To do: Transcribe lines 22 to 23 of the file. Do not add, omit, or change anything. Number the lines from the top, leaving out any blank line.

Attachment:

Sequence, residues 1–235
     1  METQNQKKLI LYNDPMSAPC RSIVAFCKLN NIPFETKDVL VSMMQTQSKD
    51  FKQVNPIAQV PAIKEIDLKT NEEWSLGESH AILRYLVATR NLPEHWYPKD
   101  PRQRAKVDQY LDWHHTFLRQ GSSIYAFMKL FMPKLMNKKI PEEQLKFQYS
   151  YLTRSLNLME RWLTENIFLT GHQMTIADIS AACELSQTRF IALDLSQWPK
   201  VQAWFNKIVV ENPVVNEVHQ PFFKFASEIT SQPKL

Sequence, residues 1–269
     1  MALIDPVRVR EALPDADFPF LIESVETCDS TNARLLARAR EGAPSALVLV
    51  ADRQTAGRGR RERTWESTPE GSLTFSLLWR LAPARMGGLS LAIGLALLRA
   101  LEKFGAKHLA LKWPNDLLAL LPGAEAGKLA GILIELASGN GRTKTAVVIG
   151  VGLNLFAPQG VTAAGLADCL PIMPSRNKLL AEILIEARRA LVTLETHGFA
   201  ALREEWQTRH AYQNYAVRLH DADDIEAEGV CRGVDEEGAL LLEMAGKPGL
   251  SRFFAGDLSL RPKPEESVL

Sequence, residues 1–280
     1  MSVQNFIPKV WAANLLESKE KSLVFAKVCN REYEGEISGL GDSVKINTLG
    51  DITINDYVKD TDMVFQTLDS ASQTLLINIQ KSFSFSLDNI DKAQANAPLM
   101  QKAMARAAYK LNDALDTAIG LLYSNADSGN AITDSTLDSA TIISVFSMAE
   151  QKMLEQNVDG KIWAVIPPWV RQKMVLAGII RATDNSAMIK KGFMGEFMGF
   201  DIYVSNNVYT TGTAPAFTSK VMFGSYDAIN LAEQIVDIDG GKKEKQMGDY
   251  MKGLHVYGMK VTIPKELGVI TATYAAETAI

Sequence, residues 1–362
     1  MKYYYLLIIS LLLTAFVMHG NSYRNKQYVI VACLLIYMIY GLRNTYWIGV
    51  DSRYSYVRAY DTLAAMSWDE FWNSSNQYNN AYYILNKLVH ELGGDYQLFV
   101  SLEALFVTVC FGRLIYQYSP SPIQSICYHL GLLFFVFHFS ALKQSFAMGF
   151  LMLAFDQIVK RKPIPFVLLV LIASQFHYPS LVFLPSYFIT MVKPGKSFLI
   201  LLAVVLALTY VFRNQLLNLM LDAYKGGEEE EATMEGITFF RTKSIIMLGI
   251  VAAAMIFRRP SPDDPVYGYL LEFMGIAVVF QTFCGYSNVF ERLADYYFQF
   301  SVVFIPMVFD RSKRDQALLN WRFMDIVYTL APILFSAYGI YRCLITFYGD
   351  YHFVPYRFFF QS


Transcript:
     1  MKYYYLLIIS LLLTAFVMHG NSYRNKQYVI VACLLIYMIY GLRNTYWIGV
    51  DSRYSYVRAY DTLAAMSWDE FWNSSNQYNN AYYILNKLVH ELGGDYQLFV